The Buzz: Central Banks Don’t Cure Crisis

The Buzz: Central Banks Don’t Cure Crisis

Massive move to inject liquidity into European banks only eases short-term problem, not region’s debt troubles.

The big news in the U.S. grain market this week had nothing to do with grain, or the U.S., for that matter, as all eyes remain focused on what’s happening in Europe. Farm Futures Market Analyst Arlan Suderman and Senior Editor Bryce Knorr are watching, too, and share their thoughts on the fallout from the crisis. While Suderman says uncertainty keeps buyers from jumping into grains, Knorr believes the morass could at least provide opportunities to lock in input costs, especially for diesel fuel.

Senior Editor Bryce Knorr first joined Farm Futures Magazine in 1987. In addition to analyzing and writing about the commodity markets, he is a former futures introducing broker and is a registered Commodity Trading Advisor. He conducts Farm Futures exclusive surveys on acreage, production and management issues and is one of the analysts regularly contracted by business wire services before major USDA crop reports. Besides the Morning Call on he writes weekly reviews for corn, soybeans, and wheat that include selling price targets, charts and seasonal trends. His other weekly reviews on basis, energy, fertilizer and financial markets and feature price forecasts for key crop inputs. A journalist with 38 years of experience, he received the Master Writers Award from the American Agricultural Editors Association.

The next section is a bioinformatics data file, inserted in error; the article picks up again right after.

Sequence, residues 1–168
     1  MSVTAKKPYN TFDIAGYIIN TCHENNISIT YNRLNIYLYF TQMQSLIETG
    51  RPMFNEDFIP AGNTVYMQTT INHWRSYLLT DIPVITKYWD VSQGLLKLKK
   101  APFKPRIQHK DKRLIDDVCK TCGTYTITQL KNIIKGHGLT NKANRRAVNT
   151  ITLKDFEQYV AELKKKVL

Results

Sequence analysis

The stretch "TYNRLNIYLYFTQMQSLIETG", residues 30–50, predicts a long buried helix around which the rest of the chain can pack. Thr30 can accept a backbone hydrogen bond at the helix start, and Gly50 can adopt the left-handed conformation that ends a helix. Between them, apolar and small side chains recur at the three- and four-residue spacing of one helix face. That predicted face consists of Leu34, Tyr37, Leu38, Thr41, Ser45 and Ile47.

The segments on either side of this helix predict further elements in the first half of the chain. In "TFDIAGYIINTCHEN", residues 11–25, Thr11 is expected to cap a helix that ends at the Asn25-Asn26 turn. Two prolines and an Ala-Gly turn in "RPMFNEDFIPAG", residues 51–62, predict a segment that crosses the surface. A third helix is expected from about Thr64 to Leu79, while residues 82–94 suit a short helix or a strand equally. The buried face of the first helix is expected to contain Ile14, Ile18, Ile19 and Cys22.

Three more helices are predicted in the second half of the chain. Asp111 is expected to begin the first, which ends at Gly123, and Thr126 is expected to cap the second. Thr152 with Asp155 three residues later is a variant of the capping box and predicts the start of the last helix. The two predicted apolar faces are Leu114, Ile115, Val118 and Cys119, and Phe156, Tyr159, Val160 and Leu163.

Arlan Suderman is Market Analyst for Farm Futures magazine and He has served on the staff of Farm Progress Cos. since May 2000, providing market analysis and commentary for its family of 18 state and regional publications. His Afternoon Recap provides market analysis on this site each afternoon that the grain trade is open. Suderman also provides real-time market commentary via Twitter at Suderman brings a wealth of hands-on experience to the table after completing his Certified Crop Advisor status in 1997 while serving in the Kansas Extension Service.


TAGS: USDA Soybean
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